SINGAPORE - Qatar's bid to host the 2022 World Cup received a huge boost on Wednesday when Asian Football Confederation (AFC) President Mohamed Bin Hammam threw his weight behind his country's campaign.
The support of Bin Hammam, also a FIFA Executive Committee member, was warmly welcomed by the tiny Gulf emirate, whose campaign to bring the world's biggest football tournament to the Middle East for the first time was initially considered an outside bet.
"I am grateful for the support shown by (Bin Hammam)," Qatari bid CEO Hassan Al-Thawadi told Reuters on the sidelines of the Soccerex Asian forum in Singapore.
"He has always understood the benefits that a World Cup will bring to Qatar and the Middle East, and he has been pioneering in his vision.
"A World Cup in Qatar will be an historic opportunity for FIFA, for the teams, officials, fans and the people of the Arab world, helping bridging cultures between the East and the West and above all changing the perception of the region."
If, as widely expected, the World Cup goes to Europe in 2018, Qatar will be competing with United States as well as AFC heavy hitters South Korea, Japan and Australia for the right to host the 2022 tournament.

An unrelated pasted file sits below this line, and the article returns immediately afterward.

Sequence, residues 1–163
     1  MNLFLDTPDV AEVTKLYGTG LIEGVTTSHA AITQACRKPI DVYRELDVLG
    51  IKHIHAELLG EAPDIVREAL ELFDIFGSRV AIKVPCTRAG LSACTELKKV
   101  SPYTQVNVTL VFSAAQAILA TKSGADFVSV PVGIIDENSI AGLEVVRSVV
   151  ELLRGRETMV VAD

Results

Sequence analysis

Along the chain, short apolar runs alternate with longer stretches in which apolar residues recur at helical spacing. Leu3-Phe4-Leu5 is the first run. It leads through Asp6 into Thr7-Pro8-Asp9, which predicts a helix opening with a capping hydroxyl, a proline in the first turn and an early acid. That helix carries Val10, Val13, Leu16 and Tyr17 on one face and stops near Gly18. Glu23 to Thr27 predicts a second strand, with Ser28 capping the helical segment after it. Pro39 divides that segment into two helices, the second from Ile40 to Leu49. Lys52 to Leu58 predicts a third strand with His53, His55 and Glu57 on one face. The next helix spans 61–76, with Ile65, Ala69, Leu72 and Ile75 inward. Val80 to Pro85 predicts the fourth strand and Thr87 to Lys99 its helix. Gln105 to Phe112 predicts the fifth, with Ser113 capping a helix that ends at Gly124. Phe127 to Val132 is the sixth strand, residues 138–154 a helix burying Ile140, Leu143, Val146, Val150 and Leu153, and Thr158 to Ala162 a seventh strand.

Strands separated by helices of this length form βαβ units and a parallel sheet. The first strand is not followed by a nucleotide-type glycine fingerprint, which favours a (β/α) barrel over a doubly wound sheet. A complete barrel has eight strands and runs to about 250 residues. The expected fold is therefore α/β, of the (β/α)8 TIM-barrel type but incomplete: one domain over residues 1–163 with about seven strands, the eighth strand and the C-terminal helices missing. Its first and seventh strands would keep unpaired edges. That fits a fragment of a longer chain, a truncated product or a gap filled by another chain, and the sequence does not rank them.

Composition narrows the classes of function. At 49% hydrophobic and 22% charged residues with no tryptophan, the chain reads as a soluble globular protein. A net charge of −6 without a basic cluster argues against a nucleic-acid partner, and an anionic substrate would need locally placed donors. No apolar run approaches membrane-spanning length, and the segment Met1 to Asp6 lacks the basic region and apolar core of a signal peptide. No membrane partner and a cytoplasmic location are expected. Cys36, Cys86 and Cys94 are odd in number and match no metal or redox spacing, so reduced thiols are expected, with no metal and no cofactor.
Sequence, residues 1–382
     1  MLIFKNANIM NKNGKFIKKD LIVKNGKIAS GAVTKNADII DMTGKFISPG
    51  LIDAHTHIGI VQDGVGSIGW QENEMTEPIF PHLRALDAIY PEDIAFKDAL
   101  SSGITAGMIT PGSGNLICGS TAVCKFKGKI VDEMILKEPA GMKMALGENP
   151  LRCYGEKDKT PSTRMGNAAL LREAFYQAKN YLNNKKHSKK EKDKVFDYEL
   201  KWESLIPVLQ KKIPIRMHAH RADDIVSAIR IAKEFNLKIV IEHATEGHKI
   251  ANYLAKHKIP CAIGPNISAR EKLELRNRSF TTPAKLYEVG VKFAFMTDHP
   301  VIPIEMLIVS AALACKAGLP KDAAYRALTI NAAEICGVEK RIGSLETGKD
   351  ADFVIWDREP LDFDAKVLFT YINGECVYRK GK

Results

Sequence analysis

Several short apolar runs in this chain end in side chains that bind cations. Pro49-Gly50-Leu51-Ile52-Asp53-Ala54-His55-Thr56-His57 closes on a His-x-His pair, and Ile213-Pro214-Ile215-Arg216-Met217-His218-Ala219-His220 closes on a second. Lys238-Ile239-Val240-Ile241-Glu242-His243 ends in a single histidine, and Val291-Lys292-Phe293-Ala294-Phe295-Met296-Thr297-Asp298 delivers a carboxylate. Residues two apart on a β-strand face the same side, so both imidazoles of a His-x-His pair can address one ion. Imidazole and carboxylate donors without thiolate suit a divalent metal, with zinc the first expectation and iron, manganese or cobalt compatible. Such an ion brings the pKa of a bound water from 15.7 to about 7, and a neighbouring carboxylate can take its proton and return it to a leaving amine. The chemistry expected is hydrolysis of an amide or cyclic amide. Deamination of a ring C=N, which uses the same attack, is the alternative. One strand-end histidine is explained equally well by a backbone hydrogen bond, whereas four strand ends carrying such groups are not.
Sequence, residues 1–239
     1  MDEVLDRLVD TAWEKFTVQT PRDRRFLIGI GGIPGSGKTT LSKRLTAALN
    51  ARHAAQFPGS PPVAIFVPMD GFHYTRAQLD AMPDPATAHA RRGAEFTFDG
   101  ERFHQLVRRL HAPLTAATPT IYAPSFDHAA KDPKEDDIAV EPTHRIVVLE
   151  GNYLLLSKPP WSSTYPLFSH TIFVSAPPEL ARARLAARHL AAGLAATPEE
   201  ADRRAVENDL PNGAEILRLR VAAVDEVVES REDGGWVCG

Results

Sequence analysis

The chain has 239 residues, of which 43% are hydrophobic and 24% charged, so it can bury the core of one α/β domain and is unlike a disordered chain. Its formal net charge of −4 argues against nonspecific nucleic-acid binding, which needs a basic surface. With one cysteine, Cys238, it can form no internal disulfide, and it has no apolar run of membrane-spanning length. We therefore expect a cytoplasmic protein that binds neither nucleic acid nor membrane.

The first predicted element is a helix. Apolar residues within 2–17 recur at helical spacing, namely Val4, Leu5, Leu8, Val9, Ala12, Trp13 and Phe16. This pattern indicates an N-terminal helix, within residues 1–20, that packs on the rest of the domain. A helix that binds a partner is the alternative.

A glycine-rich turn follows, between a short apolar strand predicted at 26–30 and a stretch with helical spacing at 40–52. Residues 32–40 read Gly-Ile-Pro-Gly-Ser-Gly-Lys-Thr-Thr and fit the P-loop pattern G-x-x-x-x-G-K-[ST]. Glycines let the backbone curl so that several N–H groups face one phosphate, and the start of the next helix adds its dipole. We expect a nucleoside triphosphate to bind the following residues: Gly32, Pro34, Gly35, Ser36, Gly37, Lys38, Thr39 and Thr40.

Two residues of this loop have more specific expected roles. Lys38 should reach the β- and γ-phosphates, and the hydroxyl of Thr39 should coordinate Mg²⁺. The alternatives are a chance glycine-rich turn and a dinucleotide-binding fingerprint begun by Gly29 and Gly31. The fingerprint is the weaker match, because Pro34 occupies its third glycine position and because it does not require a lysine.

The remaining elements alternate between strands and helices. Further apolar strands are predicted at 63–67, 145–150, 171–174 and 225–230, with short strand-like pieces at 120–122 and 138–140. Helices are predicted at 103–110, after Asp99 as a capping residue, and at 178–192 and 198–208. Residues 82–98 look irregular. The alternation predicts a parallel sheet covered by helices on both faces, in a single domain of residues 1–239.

Al-Thawadi said that Qatar, whose team have never qualified or competed at the World Cup, has had to overcome doubts about the seriousness of their bid.
"At the start people were sceptical about our bid, today we have got followers.
"That was our biggest obstacle, that people did not know about Qatar, they always doubted the seriousness of the bid but as time moved along, as people started seeing us more and more, the reality has moved on."
Speaking earlier at Soccerex, a football business and networking event, Bin Hammam revealed to reporters he would back his home country in the FIFA vote.
"I have one vote... and frankly speaking I will vote for Qatar, but if Qatar is not in the running I will vote for another Asian country," Bin Hammam said.
The winning bid, along with the host of the 2018 tournament, will be announced by FIFA in Zurich on December 2, something Bin Hammam said he did not initially agree with.
"I was against deciding two World Cup bid decisions in the same room on the same day, but most of my colleagues were with that option so I have to respect their experience and wisdom and most of them are more experienced than me," he added.
If successful, Qatar would become Asia's second World Cup host after South Korea and Japan co-hosted the 2002 tournament.comments